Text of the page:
How I Plan to Make $2,000 in 16 Days

Time and Money

Last week I revealed that I plan to turn Beginner Blogging into a six figure blog in less than a year.

Since then I have decided to adjust my plan somewhat. I now intend to earn a net income (i.e. minus expenses) of $9,000 per month from April 2015 onwards, rather than only turning over that amount.

My thinking behind this is straightforward: there’s little use in me turning over $9,000 if it costs me $8,000 to do so. To ignore expenses is to encourage a way of thinking that does not promote profitability.

If the original goal was challenging, this one is much more so, which means I have a lot of work to do!

My goal for September is to make $2,000, but I’ve generated only $600 in affiliate revenue so far this month. Last week’s post was about the bigger picture; in this post I want to lay out exactly what I intend to do to make an additional $2,000 in the next 16 days.

Why $2,000 more when my goal is only to make $2,000 total, you may ask? Well, I’ve got some expenses to pay for the month (perhaps $300), and I figure that if I aim higher than the goal itself, I have a better chance of succeeding.

How I Plan to Make Beginner Blogging a Six Figure Blog

Dollar sign lighter

I love Beginner Blogging.

Everything about it feels right to me. I get to provide an awesome service at no charge. I get to see people start with nothing and build blogs they love. Even the domain name was available (I couldn’t believe that).

Furthermore, the scope is huge. I don’t just want to stop at helping people set up their sites; I want to empower them to grow their blog into something they consider truly meaningful.

But to be able to pour the necessary time and energy into making Beginner Blogging what it should be, the site needs to provide a return on my investment. In August it made $1,700, but that was the honeymoon period (i.e. when I was able to best leverage the existing Leaving Work Behind audience). If I want to sustain and build upon that kind of return, I’ve got work to do.

With the above in mind, in this post I want to introduce a number of ideas I have for building Beginner Blogging into a six figure blog.

How I Left Work Behind and Built a Profitable Fitness Blog

Do what you love what you do

Tom: the following is a guest post by Henry Croft, the founder of a website you’re going to learn a lot about in this post. I’m seriously impressed with what Henry has managed to achieve in one short year – it just goes to show that blogging is far from dead as a means of making money online. Take it away Henry!

On March 17th, 2014 my fitness blog GymTalk celebrated its first birthday.

Over the last year I have managed to grow the website from something which started out life as a bit of a laugh into a profitable online business which can now support me financially – just about!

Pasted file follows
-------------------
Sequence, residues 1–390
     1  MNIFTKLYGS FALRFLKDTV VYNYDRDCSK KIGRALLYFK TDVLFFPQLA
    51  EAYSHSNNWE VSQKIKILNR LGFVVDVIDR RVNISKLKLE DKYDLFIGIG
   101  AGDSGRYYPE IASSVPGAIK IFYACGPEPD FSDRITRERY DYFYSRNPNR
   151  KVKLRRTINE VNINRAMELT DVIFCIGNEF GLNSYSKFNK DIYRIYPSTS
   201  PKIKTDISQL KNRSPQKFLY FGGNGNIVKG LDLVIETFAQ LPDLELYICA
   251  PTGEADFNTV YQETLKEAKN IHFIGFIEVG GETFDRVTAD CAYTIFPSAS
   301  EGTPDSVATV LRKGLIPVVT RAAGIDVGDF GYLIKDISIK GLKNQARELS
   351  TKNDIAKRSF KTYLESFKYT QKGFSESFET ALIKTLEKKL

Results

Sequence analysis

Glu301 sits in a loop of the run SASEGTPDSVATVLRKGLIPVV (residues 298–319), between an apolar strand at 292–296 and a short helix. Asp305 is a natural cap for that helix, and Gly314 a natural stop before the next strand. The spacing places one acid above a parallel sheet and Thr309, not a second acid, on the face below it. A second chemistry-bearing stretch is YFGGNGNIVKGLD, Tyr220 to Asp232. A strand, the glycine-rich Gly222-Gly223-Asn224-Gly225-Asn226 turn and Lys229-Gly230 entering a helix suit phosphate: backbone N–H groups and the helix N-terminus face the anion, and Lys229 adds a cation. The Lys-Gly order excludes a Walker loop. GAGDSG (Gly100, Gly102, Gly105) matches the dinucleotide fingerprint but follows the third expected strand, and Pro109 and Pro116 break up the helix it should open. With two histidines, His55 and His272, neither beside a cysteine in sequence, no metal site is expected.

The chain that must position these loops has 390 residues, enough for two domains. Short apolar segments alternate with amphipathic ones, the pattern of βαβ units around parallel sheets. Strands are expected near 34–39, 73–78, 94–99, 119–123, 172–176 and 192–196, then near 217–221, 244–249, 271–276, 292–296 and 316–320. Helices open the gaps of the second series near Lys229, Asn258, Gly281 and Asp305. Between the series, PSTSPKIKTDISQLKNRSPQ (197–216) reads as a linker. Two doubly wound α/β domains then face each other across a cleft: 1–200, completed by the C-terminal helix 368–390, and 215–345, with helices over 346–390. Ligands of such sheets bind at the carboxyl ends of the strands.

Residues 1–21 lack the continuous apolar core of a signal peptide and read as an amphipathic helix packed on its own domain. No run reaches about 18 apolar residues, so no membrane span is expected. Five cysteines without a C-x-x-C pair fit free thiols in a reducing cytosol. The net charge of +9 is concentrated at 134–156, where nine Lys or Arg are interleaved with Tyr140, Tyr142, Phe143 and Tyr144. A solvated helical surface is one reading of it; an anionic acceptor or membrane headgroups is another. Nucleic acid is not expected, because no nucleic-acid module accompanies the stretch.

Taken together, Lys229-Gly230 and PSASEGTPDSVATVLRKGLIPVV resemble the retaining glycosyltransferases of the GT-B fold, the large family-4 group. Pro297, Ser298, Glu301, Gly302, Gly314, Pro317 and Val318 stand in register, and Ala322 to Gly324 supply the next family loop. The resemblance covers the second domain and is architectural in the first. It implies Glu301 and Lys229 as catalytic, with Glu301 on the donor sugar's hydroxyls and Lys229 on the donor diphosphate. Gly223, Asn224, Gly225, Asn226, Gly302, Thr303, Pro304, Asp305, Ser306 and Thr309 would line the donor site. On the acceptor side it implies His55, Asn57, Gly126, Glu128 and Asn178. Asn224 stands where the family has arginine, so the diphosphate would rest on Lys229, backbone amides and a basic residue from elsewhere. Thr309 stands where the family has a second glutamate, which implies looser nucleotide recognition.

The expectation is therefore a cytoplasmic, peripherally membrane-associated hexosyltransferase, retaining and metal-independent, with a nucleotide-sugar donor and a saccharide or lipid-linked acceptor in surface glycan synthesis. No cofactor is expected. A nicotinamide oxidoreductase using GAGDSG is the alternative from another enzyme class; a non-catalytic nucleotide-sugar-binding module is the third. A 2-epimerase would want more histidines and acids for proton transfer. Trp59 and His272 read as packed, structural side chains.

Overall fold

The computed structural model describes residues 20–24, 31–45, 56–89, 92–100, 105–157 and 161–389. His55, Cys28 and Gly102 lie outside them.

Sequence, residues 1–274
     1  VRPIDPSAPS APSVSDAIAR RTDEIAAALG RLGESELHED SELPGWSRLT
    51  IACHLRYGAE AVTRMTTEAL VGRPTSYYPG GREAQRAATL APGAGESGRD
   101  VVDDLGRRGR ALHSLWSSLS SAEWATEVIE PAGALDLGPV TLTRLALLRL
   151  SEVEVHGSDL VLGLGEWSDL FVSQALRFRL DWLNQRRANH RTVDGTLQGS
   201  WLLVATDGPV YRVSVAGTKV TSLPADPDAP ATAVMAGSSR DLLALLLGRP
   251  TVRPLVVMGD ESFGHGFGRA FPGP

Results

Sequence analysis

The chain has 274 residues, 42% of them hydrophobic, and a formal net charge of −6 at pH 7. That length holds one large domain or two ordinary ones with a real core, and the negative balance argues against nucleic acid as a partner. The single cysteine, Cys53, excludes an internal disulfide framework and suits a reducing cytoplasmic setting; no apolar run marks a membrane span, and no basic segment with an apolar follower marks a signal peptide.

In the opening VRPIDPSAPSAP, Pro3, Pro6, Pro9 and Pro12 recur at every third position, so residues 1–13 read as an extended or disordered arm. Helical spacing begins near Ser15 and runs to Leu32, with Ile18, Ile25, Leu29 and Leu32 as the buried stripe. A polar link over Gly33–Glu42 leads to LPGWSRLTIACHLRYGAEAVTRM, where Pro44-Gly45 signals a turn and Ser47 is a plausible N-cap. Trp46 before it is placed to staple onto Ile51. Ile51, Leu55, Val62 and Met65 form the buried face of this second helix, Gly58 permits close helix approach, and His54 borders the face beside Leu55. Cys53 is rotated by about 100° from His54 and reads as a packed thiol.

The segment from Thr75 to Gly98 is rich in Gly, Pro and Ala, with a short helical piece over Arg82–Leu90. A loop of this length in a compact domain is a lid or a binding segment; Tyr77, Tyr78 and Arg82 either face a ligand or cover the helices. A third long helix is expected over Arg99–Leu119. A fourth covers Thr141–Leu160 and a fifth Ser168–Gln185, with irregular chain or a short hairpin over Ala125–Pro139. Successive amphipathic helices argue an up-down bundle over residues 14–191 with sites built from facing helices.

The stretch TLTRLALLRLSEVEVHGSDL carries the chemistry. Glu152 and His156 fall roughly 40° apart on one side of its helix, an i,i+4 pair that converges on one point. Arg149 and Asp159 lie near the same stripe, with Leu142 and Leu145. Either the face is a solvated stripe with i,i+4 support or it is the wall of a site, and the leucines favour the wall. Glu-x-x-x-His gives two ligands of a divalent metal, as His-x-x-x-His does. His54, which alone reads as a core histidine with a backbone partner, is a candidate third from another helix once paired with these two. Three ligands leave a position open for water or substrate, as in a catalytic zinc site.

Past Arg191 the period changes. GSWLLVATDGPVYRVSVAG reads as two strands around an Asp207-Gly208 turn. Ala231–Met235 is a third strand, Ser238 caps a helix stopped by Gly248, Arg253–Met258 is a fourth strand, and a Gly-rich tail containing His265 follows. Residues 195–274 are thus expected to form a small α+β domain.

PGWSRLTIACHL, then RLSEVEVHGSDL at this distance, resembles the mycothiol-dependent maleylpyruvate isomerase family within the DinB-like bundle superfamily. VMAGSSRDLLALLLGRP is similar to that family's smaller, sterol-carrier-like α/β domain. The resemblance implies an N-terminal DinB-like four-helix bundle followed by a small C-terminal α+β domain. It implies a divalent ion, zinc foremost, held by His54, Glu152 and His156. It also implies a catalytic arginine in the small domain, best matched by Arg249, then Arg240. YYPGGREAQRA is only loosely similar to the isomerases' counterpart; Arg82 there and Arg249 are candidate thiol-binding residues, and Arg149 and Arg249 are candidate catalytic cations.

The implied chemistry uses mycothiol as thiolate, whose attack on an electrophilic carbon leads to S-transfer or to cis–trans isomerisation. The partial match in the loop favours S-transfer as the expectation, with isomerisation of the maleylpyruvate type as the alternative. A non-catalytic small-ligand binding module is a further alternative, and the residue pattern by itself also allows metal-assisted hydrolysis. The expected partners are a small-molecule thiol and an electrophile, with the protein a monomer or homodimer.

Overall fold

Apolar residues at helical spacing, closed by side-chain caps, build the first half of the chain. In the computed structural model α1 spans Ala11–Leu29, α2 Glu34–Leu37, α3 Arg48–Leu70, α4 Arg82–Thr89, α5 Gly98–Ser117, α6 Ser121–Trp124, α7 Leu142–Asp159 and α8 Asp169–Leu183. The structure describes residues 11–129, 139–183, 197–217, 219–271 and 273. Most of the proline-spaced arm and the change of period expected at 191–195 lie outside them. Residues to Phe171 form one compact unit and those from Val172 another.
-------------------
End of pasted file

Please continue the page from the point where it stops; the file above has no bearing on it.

In its first year GymTalk achieved:

  • 420,996 page views
  • 2 Fitness Blogging Awards
  • £9,300 (~$15,000) turnover
  • 10,000+ followers on social media

Quitting my 9-5 job to earn a living online has been a tough journey full of missteps, sleepless nights and anxiety, but I do not regret a single day of it.

Although I still have a long way to go, the whole process has been a labour of love and doing something that I’m passionate about seven days a week has been a revelation.

The following is my story so far.

How I Created Paid to Blog Jobs [Membership Site Case Study]

Paid to Blog Jobs

I closed the doors on beta access to Paid to Blog Jobs just a few hours ago. In the four days that the doors were open, we managed to attract a total of 75 members, each paying $20 per month.

While it’s far too early to call PtBJ a success (my definition of which I’ll get into later), enough money in the bank to cover my financial outlay after the beta launch is a good start.

In this post I want to reveal the steps behind the creation of PtBJ. If you’re thinking about launching your own membership site, or are simply interested in knowing the process I went through, keep reading.

The Success (And Failure) of Paid to Blog

Signs to success and failure.

At the beginning of last December I re-launched my freelance blogging guide. What was once a PDF (originally launched in November 2012) became a fully fledged online course, re-branded as Paid to Blog.

My main reason for updating and re-launching the course was that I wasn’t 100% satisfied with the original. I wanted to create, beyond a shadow of my own doubt, the best guide available for aspiring and existing freelance bloggers. I felt I needed to get that monkey off my back before I moved on to other projects.

I wanted the course to be a “critical” success (and if the lack of refund requests is anything to go by, people are pretty happy). However, I’m not going to pretend that I didn’t want it to be a financial success too. If you’re interested in finding out how the re-launch affected my bottom line (and how you can learn from its successes and failures), read on!